The United States is incredibly divided at the moment. Republicans and Democrats despise one another. There is no substantial effort to come to a consensus on any number of issues.
Instead of working to find common ground, Americans are seemingly content to continue bickering like siblings on a family vacation.
There seems to be no end in sight to this divisiveness either, and the incendiary rhetoric surrounding the US presidential election isn’t helping matters.
But what if the solution to many of our problems was as simple as a train journey across the country?
What if we could cultivate the next generation of leaders, foster ingenuity, build bridges across communities and improve America’s global reputation through a combination of travel and dialogue on the country’s railways?
Patrick Dowd, founder of the Millennial Train Project (MTP), believes we can. For the past several years, he’s taken dozens of Millennials from diverse backgrounds on train journeys across America, hoping to breed understanding and innovation through crowd-funded transcontinental expeditions.
Established three years ago, MTP is an award-winning non-profit that’s engaged with multiple communities across the US while fostering entrepreneurship, cross-cultural dialogue and global outreach.
Dowd recently took some time to speak with Elite Daily about the origins of MTP, what the organization has already accomplished and the train journeys it will take in August 2016. The conversation we had was inspirational, enlightening and refreshing.
At 28-years-old, Dowd is not your average Millennial. Even asking him where he’s from is not a simple question, as he moved around a lot as a kid and feels connected to multiple communities.
A graduate of Georgetown University’s School of Foreign Service, Dowd was the youngest ever Editor-at-Large for National Geographic Traveler magazine. He was also a Fulbright scholar in India, and his experiences there were a large part of what inspired him to establish MTP.
While in India, Dowd was involved in an initiative similar to MTP. He served as a mentor on a train journey across the country, and it’s clear this was a very formative experience for him. As he put it,
India is the other great large democracy in the world and on this train journey…a big part of the excitement is about the dynamism and the civic-mindedness and the entrepreneurism of the rising generation in that country…
Traveling across [India] in the company of other young people that want to build it up and… looking at places through a lens of hope, potential and inventiveness – that was an incredibly moving and inspiring way to learn about contemporary India.
It was Dowd’s time in India, combined with things occurring across American society that ultimately led him to establish MTP. As he explained it,
When I came back from India I was working in investment banking as Occupy Wall Street was happening. It was many generations that came out for that, but especially young people. They were coming out to protest the vast inequities that are generated in this system of government and finance in contemporary America.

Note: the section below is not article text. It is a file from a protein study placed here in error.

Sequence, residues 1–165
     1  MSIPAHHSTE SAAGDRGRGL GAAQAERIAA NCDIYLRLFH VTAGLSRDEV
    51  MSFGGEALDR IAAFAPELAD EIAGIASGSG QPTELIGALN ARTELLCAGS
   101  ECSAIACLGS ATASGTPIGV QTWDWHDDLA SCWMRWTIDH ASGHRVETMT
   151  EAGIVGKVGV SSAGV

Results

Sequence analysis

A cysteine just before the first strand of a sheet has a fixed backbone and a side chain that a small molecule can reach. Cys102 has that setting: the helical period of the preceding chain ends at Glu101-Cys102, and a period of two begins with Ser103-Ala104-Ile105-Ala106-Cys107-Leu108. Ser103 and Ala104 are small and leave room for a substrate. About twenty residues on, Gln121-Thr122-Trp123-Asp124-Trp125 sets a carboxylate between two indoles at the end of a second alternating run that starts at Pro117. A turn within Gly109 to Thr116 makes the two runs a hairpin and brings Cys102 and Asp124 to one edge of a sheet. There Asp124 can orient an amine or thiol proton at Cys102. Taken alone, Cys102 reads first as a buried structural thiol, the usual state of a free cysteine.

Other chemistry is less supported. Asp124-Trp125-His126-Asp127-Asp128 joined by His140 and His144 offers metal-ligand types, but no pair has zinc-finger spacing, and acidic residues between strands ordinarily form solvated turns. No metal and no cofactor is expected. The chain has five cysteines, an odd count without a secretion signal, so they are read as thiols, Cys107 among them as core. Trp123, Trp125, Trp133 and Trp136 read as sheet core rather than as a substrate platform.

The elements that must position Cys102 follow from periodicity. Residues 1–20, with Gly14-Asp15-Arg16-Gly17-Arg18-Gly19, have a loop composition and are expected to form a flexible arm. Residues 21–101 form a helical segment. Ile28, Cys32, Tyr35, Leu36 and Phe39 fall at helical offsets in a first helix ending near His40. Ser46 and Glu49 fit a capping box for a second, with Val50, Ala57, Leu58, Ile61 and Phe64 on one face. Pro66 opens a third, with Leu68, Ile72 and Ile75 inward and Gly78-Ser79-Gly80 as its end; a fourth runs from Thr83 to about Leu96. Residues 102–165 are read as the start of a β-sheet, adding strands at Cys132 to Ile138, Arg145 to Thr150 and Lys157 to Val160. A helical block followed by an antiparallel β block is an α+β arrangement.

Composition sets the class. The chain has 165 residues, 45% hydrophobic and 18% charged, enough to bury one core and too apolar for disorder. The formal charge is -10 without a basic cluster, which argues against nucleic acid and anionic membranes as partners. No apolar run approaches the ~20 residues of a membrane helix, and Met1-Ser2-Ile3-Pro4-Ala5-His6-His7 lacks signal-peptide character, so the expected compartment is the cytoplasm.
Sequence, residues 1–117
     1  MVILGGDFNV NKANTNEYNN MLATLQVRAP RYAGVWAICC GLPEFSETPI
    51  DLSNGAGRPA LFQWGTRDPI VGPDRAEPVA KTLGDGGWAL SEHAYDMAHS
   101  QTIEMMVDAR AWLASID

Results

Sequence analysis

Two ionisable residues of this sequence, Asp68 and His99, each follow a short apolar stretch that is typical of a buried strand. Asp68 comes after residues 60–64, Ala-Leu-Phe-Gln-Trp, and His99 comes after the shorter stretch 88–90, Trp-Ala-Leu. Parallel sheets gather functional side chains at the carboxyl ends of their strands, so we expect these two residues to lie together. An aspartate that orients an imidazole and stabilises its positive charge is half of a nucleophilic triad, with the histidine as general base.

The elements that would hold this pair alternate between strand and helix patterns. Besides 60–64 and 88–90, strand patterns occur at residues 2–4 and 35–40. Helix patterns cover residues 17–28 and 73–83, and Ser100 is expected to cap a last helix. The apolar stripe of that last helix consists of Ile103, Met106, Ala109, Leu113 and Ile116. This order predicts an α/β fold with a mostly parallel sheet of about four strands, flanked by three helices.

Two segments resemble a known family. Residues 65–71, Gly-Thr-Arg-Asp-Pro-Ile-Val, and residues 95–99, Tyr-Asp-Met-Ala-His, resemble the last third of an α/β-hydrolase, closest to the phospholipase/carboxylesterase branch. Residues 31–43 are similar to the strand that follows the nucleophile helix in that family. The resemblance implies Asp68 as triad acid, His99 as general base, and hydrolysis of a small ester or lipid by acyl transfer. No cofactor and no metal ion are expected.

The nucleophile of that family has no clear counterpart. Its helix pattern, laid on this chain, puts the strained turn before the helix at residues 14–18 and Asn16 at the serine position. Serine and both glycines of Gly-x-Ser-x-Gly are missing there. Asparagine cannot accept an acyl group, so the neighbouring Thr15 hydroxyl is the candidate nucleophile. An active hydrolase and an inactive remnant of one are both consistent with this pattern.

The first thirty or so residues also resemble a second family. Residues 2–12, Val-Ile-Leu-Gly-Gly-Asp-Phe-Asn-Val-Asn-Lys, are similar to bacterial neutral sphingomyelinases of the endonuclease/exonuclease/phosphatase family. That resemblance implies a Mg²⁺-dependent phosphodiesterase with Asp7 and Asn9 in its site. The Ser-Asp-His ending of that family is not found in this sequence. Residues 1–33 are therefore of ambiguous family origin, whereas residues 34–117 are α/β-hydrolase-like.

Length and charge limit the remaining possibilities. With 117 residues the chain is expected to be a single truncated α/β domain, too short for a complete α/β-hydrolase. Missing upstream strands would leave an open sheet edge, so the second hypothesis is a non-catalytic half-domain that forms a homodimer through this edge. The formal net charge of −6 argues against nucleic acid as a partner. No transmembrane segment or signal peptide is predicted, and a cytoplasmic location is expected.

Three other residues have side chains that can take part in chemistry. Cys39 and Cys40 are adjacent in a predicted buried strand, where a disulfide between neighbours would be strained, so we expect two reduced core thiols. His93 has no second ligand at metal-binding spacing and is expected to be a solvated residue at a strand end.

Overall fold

I definitely feel that there is a time for protest, but I was also reminded of this train journey in India. And I thought it would be beneficial to move beyond protesting and put people’s ideas in motion across the country. I thought they did this in India, we could do this here in the States too… So I quit my job and started building MTP… Eighteen months later we launched our first train journey. This year will be our fourth and fifth journeys…
The train is not a silver bullet, but I think it’s symbolic of the kind of action and unity that a lot of Millennials are embracing and that I want to be a part of and support.
The US is an enormous country, with equally diverse people and geography. Given all this, it’s no wonder Americans hold such disparate perspectives. At the same time, we have a lot more in common than we often realize. This is the goal of the MTP train project: to bring people together and help them find common ground.
In Dowd’s words,
It’s really valuable to get out of whatever your bubble is and meet people from other walks of life, other regions of the country, other sectors, other professions… That’s a big element of what the train project is designed to do: equip the next generation of leaders with trans-regional perspectives.
Right now we’re in the middle of an extremely divisive election cycle and in the midst of that, we can lose touch with how much we have in common with people from different regions of our country… A lot of what this train is about is bringing people together across regions…
When you travel across the country and you meet people face-to-face… you find that you can reach common ground and even get to the point where you’re creating things together and building new partnerships out of shared interests.
That’s our hope for everyone on this train and it’s our hope for our generation, that we can really take a leap of faith across issues that divide us and come together to create things. I think that travel and the exposure to different communities across the country is essential to that process, especially when we’re all so much in our digital bubbles nowadays.
Each train journey MTP goes on lasts around 10 days and involves around 50 participants.